Herbrand systems) could not be computed in the original method CERESs, a
recent development of a more powerful schematic refutational (resolution)
calculus solves this problem. We present in detail how Herbrand schemata can be
extracted from refutations of formula schemata in the new calculus, which forms
the central step in CERESs. In a final step the Herbrand systems of the
projection schemata and of the refutation schemata have to be combined to
obtain a Herbrand schema for the original proof.
 May 15, 2024

Dino Rossegger
title: Feferman's completeness theorem  revisited
abstract:
In 1962, Feferman showed that any arithmetical theorem is a consequence
of a transfinite iteration of uniform reflection (a consistency
progression) of Peano arithmetic along a suitable ordinal notation.
While this result provides substantial insight into the nature of
arithmetical theorems  it shows that uniform reflection does not provide
a suitable measure for their prooftheoretic strength  it is mysterious
and often overlooked.
In upcoming work with Fedor Pakhomov and Michael Rathjen, we revisit
this old theorem and give three new proofs: One simple, using wellknown
results in computability theory and secondorder arithmetic. An
adaptation of the first proof integrates results of Ash and Knight from
computable structure theory to obtain exact bounds on the order types of
the involved ordinal notations and, at last, a proof using
prooftheoretic tools that emerged at the time of Feferman's result.
In my talk, I will give the easy proof of Feferman's completeness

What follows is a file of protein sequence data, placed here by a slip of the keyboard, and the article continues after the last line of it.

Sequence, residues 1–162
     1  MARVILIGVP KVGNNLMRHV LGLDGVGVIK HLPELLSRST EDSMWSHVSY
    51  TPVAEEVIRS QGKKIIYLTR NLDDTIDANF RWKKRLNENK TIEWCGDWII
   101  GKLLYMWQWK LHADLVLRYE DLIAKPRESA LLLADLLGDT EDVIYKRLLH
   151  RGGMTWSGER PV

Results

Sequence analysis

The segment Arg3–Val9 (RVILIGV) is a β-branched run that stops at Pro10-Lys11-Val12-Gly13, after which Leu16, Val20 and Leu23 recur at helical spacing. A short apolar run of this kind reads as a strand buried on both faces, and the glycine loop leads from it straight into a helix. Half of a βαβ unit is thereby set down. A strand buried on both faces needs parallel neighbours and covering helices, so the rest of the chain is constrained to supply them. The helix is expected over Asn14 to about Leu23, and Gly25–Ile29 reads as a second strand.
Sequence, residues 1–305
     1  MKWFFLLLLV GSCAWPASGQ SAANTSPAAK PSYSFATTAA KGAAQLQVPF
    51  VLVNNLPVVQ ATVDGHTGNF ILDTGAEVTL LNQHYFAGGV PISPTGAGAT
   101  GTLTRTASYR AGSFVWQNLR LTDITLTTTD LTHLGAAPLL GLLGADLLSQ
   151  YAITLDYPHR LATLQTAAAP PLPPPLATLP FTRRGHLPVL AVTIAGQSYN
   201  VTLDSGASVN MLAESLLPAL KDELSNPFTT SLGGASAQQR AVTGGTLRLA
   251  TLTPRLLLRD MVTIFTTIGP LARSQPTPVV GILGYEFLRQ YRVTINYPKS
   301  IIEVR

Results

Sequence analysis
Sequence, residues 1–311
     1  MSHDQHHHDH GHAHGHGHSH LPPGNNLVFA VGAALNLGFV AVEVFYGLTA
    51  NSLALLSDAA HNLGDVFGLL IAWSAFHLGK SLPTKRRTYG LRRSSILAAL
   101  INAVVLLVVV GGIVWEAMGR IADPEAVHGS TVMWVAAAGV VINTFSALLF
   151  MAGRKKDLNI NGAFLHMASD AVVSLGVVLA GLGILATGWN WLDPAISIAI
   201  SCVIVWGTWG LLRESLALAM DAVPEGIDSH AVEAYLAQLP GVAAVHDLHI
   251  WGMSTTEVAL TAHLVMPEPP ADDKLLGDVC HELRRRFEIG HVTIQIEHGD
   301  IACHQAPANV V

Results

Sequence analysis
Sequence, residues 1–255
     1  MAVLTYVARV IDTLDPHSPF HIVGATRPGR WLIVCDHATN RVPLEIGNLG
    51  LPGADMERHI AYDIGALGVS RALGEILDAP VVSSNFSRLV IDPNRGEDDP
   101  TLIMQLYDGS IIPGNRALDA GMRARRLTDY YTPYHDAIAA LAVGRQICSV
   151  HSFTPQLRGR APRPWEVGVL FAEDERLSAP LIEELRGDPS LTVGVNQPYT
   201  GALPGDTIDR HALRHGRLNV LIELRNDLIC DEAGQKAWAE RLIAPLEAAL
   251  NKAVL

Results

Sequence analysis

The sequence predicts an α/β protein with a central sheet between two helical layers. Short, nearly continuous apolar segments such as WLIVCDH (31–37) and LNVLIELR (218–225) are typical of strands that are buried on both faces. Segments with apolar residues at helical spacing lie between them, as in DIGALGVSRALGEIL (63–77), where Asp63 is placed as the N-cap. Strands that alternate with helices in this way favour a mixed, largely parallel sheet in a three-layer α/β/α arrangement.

theorem from first principles and sketch the modifications that allow us
to obtain exact bounds.
 May 8, 2024

Martin Ritter
title: Learning of c.e. sets up to equivalence relations
abstract:
We report on an ongoing project which aims to generalize the classic framework
for learning computably enumerable (c.e.) sets from text, by allowing the
learner to stabilize to a conjecture which is "sufficiently similar" to the
observed set. In a nutshell, our learners output indices of c.e. sets and
they are required to stabilize to a guess that is correct up to a suitable
equivalence relation on the c.e. sets. This perspective extends the scope of
the socalled anomalous learning. We offer a characterization of which
equivalence relations are universal (in the sense, that they allow to learn all
families of c.e. sets) for the case of Bclearning (behaviorally
correct). We also prove that there is an equivalence relation that is
Bcuniversal but not Exuniversal (explanatory). This is
joint work with Vittorio Cipriani and Luca San Mauro.
 April 10, 2024

Fabian Wöhrer
title: Reversible Automata: Characterizations and Construction
abstract:
A finite automaton is called reversible, if every letter induces a partial injective map from the set of states into itself. We will characterize the corresponding class of reversible languages from a grouptheoretic, algebraic and topological perspective.
Afterwards we solve the membership problem algorithmically and present a procedure that transforms the minimal DFA of a reversible language into an equivalent reversible automaton.
 March 20, 2024

Florian Grünstäudl
title: Beth's Definability Theorem and the Complexity of Explicit Definitions
abstract:
We will briefly discuss the proof of Beth's Definability Theorem for first order logic.
The main part of the presentation will be dedicated to Friedman's proof of the fact that the
quantifier complexity of the explicit definitions obtained by Beth's Theorem is not computable.
 March 13, 2024

Johannes Weiser
title: Complexity Bounds for CutElimination
abstract:
It is wellknown that cutelimination in firstorder logic is nonelementary.
In this work we analyse the height of the tower of exponentials for bounds
related to cutelimination.
We take up a suggestion by S. Buss that it should be possible to obtain an
upper bound on the length of the cutfree proof in terms of d+1 iterations of
the exponential function where d is the number of quantifer alternations in the
cut formulas of the original proof. We show this result by combining Buss' work
with a result by Weller on the elimination of quantifierfree cuts.
Last Change: 20240620, Stefan Hetzl